• Structured Wiring - A fancy phrase for a home electronic wiring infrastructure that provides the path for different types of signals, such as audio and Wi-Fi access points. There are many manufacturers of quality components and wire to choose from, particularly if you are in the new residential marketplace.

• Whole House Music - The name says it all. Customers want music to be available in many different rooms of the house thanks to the have-it-with-you-at-all-times craze that the iPod helped create. In-wall and In-ceiling speakers make it unobtrusive, recent technology advances make it easy to control and price points are far more affordable than in the past.

• Home Theater - Not the big dedicated rooms on the covers of the magazines, but multi-purpose rooms that allow the family to experience movies, games and TV on large flat panel displays with surround sound systems. People are not waiting for their old TV to go bad before buying plasmas and LCD TVs. Manufacturers are ratcheting up their capacity to meet demand and prices are falling rapidly.

• Lighting Control - This is one of the least-served market segments in both new and retrofit markets. Once people are exposed to the benefits of lighting control, they will buy and expand their systems over the years, giving you opportunities for profit over the long haul. There are issues of licensing since this is high voltage work, but a smart dealer will partner with a qualified electrical contractor or obtain the correct licensing to create profit from this underserved market segment.

• Home Networking - Using the wiring infrastructure you have already installed, here is another opportunity. In the very near future, every electronic component will be Ethernet-enabled and web accessible, so now is the time to begin learning as much as you can about this technology. Key manufacturers realize this and are now making simple to install and program routers and network components designed for the home market. Plus Microsoft and Intel are very interested in this market, so learning more about networking makes huge business sense.

• Telephone Systems - Advanced hybrid systems that are virtually plug-and-play can carry multiple lines, include voice mail for each family member and support a home office easily. Today's systems are affordable, easy to use and program and make sense for busy homeowners. Plus these systems make good use of the structured wiring you have already installed, increasing the need for the right wires in the right places.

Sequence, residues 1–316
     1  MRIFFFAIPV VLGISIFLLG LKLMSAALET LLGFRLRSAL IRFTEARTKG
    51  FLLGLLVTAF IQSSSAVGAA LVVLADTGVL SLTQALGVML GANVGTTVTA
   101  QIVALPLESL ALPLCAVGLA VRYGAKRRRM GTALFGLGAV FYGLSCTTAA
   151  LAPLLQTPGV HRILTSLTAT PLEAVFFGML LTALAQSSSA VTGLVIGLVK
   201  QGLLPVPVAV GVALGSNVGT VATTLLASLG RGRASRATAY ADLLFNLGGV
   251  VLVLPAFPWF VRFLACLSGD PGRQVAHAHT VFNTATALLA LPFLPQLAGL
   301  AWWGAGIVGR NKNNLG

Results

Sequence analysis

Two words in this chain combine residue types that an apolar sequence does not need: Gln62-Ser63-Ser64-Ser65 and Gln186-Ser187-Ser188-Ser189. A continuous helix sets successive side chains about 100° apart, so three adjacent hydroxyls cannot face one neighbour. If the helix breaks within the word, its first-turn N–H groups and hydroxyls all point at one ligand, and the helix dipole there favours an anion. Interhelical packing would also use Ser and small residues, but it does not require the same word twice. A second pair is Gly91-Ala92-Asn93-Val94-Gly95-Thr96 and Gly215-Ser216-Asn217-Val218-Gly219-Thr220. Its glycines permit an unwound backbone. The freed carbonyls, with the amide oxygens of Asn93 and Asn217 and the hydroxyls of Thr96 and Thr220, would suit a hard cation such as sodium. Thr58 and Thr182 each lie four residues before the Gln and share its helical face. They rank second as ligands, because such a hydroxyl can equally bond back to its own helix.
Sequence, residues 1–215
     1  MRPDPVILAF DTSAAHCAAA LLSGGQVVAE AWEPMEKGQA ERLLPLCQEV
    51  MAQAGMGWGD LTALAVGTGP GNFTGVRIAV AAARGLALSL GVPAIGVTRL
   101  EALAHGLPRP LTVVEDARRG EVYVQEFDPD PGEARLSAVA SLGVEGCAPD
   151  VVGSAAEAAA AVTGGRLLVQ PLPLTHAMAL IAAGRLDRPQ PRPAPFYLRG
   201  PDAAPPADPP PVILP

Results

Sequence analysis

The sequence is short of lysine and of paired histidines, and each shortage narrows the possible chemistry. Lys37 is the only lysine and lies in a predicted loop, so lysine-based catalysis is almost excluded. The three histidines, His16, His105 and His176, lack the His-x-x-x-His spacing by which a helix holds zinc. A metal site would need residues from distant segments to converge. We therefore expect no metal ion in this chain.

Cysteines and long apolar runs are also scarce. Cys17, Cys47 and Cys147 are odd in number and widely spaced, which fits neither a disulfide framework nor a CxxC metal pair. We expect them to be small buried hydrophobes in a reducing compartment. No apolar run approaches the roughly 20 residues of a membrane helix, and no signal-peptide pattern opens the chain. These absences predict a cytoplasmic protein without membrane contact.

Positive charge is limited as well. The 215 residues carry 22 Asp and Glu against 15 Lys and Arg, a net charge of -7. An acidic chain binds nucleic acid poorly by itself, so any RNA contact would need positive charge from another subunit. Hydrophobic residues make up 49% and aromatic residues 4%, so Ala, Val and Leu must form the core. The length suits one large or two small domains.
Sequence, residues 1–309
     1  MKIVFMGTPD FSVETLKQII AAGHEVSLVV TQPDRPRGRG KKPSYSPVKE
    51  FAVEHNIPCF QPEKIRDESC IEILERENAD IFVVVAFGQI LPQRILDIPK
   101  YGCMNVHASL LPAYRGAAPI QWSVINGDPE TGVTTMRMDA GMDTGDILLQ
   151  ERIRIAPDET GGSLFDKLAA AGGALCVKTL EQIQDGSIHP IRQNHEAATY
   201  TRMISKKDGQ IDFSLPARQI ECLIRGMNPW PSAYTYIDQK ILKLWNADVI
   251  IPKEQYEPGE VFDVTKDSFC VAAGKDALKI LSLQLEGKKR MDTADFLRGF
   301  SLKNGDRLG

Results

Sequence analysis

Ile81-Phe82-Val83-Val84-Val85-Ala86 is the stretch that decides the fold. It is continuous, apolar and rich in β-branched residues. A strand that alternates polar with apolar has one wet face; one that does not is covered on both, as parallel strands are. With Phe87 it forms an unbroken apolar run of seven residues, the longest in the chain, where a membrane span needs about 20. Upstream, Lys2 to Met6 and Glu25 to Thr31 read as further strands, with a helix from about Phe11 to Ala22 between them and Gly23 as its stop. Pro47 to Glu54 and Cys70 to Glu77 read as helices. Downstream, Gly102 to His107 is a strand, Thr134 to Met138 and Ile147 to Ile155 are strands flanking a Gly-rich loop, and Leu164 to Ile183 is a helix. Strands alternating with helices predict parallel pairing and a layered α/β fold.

• Central Vac - Excuse me, vacuum is a technology? Well, not in the strictest sense of the word, but this is a profit center that you should take a very close look at. Especially since you are already in a new house installing other systems, why not rough-in the piping for a central vacuum as well? Builders particularly are looking for a one-call solution to the installation of home systems, so adding this line makes sense.

So do you agree with my definitions and categories? Are you intrigued by the ideas shared here? What changes might you contemplate for your organization? Can it really be this simple? Only you can answer those questions, and I hope you will ponder them before the New Year begins and add the technology systems that make sense to your business plan.

Put aside your fears about home technology and look closely into the realities of what can be done in today's homes simply, reliably, predictably and profitably. Demand is going to do nothing but skyrocket and now is the time to enter this lucrative market when the potential for revenue and profit are at the highest levels.

Next month we will talk about the traits that a home technology dealer must posses in order to be successful. I look forward to sharing more of my ideas with you then.

About the author: Keith Davis is Senior Dealer-to-Builder (D2B) Manager for AVAD, a leading U.S. distributor of custom home electronics. He can be reached via email at d2bmanager@avadd2b.com.